Vidal’s was, by far, my favorite food place! Every Tuesday and Thursday, a bunch of us would rush out of class and onto our bikes to travel the 5 minutes down the street to this bakery. The owner (Panyasan—bread shop person) ran the shop out of her house, and it was always stocked full of scrumptious food! There were red bean paste buns; lemony, fruity, iced pie-shaped bread pieces; round, mini cheese pizzas, braided roles, lemon cream filled pies, curry breads, apple and banana muffins, raspberry/cherry cupcakes, cinnamon buns, chocolate croissants, and—my favorite—chocolate chip, fruit filled, iced bread. I greatly wish I had been able to take Panyasan home with me. If ever I find my self back in Hikone, I will definitely make sure to stop by her shop and say “hello!”          

    I don’t think I ever came across a food in Japan that I didn’t like. I tried everything I could, and enjoyed ever bite!

    • DougReilly 11:14 pm on April 10, 2012 Permalink | Reply

      Great post, Sasha, and the pics were awesome, too. I also seem to travel and live from one meal to the next. That wafu curry looks amazing!

    • nezumichan 1:34 am on June 24, 2012 Permalink | Reply

      Love Vidals!! Mmmm… The dessert from Joyfull is called Kaki-kouri, basically translates to “shaved ice”. Good stuff!

  • Hannah 3:42 pm on April 3, 2012 Permalink | Reply
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    Stories Backward. 

    I was in a hotpot restaurant in Henan.

    delicious hotpot

    My friends and I were sitting around one of those fantastic sunken pots in the table, dipping meats and veggies into the delicious boiling soup to cook. We were pretty concentrated on our food, until a small boy came running down the aisle of the restaurant. This alone might have provided a distraction, but there was someone, or something with the boy. He had a tiny little adorable baby chick clutched in his hands. He looked immensely happy. He ran to a woman who we supposed must have been both his mother and a proprietor of the restaurant. He held the chick close, and we tried to decide if his mother looked happy about it or not.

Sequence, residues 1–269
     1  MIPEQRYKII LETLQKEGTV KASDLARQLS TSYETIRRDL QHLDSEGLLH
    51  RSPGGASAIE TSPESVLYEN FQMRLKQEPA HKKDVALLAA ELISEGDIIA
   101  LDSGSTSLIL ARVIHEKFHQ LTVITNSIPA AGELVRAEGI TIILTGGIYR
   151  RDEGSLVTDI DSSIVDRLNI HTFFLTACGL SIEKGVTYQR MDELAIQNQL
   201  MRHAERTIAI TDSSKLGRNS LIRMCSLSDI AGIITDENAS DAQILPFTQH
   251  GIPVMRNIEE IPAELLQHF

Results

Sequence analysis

Later, on the train ride back to campus, the three friends I had been to the restaurant with sat together and reminisced. We reminisced about how amazing Henan was to visit, about how the Longmen Grottoes were an unbelievable sight, and about the mystery that was how that little boy came into possession of the baby chick. While we pondered among ourselves, a member of our class who was not among the restaurant eaters that day turned around in his seat. He asked us if we meant the restaurant that was on this little corner street, and we confusedly acknowledged that he was. And then we heard the beginning of the story.

    This classmate was known to all as Mountain Mike. His story began with walking the crowded streets of Henan, enjoying the fact that the Henan dialect was difficult to understand and very different from what we were used to in Beijing.

    He and his friends came upon a man selling baby chicks.

    basket of chicks

    The chicks were obviously adorable, and impulsively they bought one from the migrant worker. Of course, they soon realized that an impulse-buy chick would probably not be welcome back in our Beijing dorms. So they found a small boy, and gave him the chick.

    The boy and his chick

    The same boy that we saw later. And so the mystery of how the boy got to chick was solved.

    • jhboisselle 1:27 pm on April 4, 2012 Permalink | Reply

      Hannah, thanks for the great storytelling. I felt like I was right by your side as the story unfolded. I imagine that there are many more woven narratives that you’ll discover “backwards,” slowly, perhaps unexpectedly at times, as you continue to reflect upon your experiences. We hope you’ll continue to share some with Asiapod! And hey, are the pictures from the iTouch?

      • chelsea encababian 7:40 pm on April 4, 2012 Permalink | Reply

        this was a very cute story.